I do not divulge the total portfolio size on the blog, but have indicated the percentages and based on the dividend income generated, one can make an educated guess of what my investment size is.

      It sounds like you are not well aware of what your mutual fund holdings are or if they pay dividends/distributions. I recommend reading the prospect of your mutual fund – all funds will have a section which indicates how much they pay out in distributions – some funds may pay out regularly on a monthly or quarterly basis, some on an annual basis, but some might not pay out at all. It all depends on the funds. The type of fund matters a lot – whether it is focused for generating income or focused on growth or balanced. When it comes to stocks, again it depends – but when you invest in dividend growth stocks, the starting yield might be low – but it grows over time, which (hopefully) beats inflation rates. I usually use a combination of low-yield-high-dividend-growth and high-yield-low-dividend-growth stocks to balance out my current income and future income. Sorry, if its not clear – ask away and I will try to answer more questions.

      As for the last question – it all depends on how much of a nest egg I can build up leading up to retirement. Right now, I get the dividends deposited into the investment account and I dont take the money out, and use that money to buy new stocks or DRIP it. This way, I let the investments compound over time. Eventually, the dream is to build an investment stream so big that I can live completely off the dividend checks and not touch my initial principal investment. To put things into a bit of perspective, if I have $1M invested, assuming a 3% yield, I can generate a $30,000/yr passive income stream.

      Hope that helps

  6. Hey thanks for the lengthy review. As I mentioned all of my investments are in total market index funds, they aren’t designed to be high growth or high yield just to track the market. I just go through a bank and they never gave me the option to take dividends if i wanted them, so they must have automatically go DRIP.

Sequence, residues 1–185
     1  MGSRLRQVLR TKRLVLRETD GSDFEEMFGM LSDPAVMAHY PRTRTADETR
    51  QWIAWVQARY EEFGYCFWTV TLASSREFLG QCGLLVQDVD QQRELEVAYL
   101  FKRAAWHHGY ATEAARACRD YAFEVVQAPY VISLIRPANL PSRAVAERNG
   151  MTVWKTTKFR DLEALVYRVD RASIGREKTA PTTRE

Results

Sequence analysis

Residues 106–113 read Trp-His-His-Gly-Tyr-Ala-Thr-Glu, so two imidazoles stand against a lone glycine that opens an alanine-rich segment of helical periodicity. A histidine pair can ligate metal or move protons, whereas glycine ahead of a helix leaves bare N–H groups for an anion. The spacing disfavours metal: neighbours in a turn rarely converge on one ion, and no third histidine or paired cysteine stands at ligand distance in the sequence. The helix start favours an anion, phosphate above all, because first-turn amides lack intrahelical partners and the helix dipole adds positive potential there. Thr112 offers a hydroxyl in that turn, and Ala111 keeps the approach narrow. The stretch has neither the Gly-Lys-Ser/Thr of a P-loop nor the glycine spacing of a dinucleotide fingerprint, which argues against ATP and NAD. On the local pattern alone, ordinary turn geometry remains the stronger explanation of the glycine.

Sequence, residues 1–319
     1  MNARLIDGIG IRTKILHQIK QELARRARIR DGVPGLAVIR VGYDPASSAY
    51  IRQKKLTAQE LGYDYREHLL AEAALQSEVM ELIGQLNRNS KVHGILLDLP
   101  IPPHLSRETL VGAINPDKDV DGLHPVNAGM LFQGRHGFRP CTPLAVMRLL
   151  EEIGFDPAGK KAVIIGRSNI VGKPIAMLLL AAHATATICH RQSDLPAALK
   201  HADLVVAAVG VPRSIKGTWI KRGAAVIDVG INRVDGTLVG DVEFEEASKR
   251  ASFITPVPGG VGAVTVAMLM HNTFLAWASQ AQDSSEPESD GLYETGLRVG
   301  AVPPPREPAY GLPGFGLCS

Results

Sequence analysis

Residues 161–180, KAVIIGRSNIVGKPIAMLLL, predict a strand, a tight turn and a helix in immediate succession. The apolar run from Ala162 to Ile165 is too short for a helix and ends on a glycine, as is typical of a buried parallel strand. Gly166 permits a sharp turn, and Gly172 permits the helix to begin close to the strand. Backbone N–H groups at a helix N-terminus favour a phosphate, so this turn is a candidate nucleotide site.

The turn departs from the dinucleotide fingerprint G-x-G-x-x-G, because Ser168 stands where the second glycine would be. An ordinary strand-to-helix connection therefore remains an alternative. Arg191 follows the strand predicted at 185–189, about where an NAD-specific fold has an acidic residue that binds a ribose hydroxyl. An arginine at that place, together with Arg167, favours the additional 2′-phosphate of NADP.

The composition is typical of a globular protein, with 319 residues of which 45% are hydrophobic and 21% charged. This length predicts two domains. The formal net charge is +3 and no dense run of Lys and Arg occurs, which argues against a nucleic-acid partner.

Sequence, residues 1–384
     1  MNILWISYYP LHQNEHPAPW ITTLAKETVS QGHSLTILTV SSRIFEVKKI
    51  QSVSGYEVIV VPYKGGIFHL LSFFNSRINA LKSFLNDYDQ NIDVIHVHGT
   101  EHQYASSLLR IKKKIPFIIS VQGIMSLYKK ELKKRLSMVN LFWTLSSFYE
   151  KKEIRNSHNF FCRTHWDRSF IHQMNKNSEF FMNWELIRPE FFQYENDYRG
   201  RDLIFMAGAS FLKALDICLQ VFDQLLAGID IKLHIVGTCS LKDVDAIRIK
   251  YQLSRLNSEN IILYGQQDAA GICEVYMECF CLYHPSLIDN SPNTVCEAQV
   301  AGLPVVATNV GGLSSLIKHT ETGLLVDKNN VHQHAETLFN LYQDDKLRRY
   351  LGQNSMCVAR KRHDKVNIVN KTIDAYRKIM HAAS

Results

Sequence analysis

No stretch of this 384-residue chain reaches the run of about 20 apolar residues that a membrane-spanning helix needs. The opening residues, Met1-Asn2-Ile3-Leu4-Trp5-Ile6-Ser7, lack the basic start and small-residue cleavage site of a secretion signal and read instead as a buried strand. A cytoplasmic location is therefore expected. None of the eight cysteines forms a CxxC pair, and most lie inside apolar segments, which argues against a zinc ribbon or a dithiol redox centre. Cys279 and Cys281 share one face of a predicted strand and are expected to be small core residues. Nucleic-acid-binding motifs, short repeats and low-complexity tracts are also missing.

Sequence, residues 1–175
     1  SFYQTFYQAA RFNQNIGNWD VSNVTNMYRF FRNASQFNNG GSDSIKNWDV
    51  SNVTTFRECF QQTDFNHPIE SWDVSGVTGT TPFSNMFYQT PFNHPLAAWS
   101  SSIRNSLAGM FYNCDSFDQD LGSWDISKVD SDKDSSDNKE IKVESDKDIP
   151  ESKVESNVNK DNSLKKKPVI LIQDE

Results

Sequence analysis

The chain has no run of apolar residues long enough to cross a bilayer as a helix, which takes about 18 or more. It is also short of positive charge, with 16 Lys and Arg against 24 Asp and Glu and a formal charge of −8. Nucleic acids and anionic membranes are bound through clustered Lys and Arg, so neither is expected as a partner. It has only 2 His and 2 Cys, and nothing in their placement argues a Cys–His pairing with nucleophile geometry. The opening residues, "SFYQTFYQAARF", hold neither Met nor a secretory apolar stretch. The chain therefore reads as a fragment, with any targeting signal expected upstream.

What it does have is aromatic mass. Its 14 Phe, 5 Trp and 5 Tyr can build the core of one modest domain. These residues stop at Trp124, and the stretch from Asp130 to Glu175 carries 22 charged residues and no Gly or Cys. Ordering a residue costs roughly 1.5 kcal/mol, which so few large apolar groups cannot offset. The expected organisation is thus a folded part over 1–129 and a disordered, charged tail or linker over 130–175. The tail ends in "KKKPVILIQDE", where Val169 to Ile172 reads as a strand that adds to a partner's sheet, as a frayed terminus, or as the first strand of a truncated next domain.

The more I read these dividend blogs it is starting to make more sense to just buy dividend producing individual shares. If 3% is a realistic number for dividend returns, I see this a an extremely viable way to fund a retirement. Beats the hell out of only hoping that the share value goes up over time to fund it. I like the sounds of having actual cash flow instead.

    Thanks for the help.

    • Glad to be of help, Jeff. Most mutual funds automatically DRIP and the fees are really hidden from consumers – its the biggest scam in the financial industry. When it comes to investment fees, mortgage $ amounts, its all hidden from the consumer – and you have to pull teeth to figure out what it is and then you are shocked to see what you are charged. Thats why I decided to move away from mutual funds and transition to dividend investing. Its better to be a shareholder in the bank than to pay those fees!

      Usually, most calculations take 3% as a round time for the sake of convenience and I think its a good number to work with. There are plenty of companies out there that pay 3%, in fact a lot of big companies in Canada – like the banks and telecom pay more than that – closer to 4%. And those dividends grow year over year, so your income grows over time.